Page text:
Thursday, September 25, 2008

Image of God

What does God look like? Does he have a nose or toes? Genesis 1:26-27 says that God created man and woman in His likeness and image. Genesis 9:6 even lays out the penalty for spilling the blood of another because we were made in His image. What does it mean to be made in his likeness or image?

This may sound like a pointless question, but the answer has significant implications. This was a major stumbling block for me when I began to consider whether or not God used evolution as the method to create the bodily form of humans. If we were made in God's image, we should be special and not descend from the same line as a monkey or an ape. But, John 1 says that through Christ, all things were made and that later Christ became "flesh" and "made his dwelling among us." There are other passages that imply the same thing -- that God does not have a bodily form. So, then, it is doubtful that He has a nose or toes or any human feature of the body.

1 John 4:16 says, "God is love." Perhaps this is a good place to begin when trying to determine how we are like God. We have the capacity to love and be loved. Do animals have this feature? I am not a horse or dog whisperer, but I have grown up around animals. They do seem to have a capacity for caring and loyalty, but not love as we see expressed by humans. And every human has this capacity -- Christians and non-Christians, theists and atheists -- because we were all made in His likeness/image.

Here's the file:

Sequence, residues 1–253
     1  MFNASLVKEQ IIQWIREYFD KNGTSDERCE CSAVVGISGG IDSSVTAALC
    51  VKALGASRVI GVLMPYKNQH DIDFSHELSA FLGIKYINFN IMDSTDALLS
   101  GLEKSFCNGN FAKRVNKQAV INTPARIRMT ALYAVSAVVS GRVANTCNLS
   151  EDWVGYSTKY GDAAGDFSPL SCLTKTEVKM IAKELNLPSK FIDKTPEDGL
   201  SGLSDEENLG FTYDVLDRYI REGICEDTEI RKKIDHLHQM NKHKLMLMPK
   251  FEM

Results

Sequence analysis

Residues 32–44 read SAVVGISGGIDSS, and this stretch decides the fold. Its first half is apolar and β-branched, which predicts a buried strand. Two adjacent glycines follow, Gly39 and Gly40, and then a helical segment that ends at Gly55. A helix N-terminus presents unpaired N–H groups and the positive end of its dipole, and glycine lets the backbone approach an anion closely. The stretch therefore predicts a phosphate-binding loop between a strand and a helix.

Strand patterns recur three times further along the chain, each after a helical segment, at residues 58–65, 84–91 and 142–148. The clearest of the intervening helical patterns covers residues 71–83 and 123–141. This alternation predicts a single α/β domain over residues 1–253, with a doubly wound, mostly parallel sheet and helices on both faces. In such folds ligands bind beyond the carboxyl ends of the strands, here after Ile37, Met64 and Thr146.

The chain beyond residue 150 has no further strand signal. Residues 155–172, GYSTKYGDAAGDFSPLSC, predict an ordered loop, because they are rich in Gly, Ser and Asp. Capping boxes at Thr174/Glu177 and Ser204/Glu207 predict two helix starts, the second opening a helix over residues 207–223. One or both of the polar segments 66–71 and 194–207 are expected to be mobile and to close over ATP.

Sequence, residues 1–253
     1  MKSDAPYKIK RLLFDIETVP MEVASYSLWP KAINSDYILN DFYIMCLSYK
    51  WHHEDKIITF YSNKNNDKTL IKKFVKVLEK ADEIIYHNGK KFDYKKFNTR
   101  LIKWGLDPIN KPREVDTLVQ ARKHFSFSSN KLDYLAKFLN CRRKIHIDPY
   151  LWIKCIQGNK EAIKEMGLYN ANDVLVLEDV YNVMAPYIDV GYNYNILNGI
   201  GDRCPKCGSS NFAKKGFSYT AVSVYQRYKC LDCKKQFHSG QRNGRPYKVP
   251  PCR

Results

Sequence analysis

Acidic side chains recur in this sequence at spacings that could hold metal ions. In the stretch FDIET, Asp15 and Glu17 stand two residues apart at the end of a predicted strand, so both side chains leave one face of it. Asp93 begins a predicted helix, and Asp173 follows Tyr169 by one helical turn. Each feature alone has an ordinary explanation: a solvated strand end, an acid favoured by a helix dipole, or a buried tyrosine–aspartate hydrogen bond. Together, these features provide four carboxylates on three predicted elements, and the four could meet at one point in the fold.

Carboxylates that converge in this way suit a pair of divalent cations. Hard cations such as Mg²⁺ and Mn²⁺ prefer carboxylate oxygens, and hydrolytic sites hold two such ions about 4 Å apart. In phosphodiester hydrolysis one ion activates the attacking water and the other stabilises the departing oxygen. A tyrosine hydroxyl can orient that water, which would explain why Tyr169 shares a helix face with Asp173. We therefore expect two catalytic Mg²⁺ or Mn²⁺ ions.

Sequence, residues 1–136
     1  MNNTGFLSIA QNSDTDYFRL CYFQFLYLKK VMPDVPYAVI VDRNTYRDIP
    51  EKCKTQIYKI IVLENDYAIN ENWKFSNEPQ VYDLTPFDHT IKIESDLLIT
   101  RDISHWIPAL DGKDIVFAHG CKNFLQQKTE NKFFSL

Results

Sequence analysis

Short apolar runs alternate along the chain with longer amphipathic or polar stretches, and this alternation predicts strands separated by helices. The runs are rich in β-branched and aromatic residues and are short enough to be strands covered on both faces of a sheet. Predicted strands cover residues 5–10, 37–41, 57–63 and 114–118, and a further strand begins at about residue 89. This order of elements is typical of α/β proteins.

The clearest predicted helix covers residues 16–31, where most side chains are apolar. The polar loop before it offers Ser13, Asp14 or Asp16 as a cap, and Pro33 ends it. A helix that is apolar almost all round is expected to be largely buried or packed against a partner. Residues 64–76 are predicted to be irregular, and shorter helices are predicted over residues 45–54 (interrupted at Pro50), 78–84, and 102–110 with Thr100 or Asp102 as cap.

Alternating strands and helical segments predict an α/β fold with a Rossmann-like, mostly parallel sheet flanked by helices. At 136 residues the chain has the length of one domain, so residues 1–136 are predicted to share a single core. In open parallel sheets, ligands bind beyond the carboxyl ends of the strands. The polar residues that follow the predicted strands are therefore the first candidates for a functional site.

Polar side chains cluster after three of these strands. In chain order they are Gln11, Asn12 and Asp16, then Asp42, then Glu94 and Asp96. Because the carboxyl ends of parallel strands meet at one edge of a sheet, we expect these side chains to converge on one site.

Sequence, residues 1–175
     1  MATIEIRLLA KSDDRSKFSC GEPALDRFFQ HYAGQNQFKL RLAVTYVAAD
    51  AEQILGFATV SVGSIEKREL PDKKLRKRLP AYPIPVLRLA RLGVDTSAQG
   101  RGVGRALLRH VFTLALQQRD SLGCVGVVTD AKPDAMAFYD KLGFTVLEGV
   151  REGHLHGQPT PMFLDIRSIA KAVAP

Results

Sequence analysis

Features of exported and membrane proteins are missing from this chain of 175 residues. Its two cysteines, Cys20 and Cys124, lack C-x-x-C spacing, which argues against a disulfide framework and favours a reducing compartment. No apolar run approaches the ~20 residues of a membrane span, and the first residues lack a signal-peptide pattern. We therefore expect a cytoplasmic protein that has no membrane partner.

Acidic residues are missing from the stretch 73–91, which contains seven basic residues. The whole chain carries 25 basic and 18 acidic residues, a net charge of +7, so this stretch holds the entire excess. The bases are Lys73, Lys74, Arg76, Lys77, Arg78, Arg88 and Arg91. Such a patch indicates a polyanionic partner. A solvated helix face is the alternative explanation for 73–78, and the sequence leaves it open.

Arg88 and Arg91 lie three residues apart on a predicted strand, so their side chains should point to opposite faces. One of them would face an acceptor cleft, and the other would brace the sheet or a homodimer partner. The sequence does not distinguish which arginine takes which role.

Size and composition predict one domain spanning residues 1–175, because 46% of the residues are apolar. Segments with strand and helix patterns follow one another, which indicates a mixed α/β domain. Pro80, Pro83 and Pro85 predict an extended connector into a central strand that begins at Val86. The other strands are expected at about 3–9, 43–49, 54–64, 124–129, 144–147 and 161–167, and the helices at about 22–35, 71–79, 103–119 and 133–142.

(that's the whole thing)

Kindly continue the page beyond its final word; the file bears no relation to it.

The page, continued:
I have also seen other explanations as to how we are similar to God: self-awareness, the ability to think and reason. These are important explanations too. But they all have one thing in common in that they are more internal than external. They help us control our fleshly instinct to only care or worry about ourselves. I think this is a primary way we are made in God's image. We have the ability to put others first and to use this divine gift to set aside our own selfish desires (whether biological or psychological).

If we look at image and likeness in this light, we still see that we are unique when it comes to other animals. But we may share more with the animals of the world than we thought before. This might be a good thing as God commanded us to "rule over" the animal kingdom and "subdue" the Earth (Genesis 1). It gives us more of an incentive to take care of our planet (as if God's commandment wasn't enough) when we learn we are part of it.

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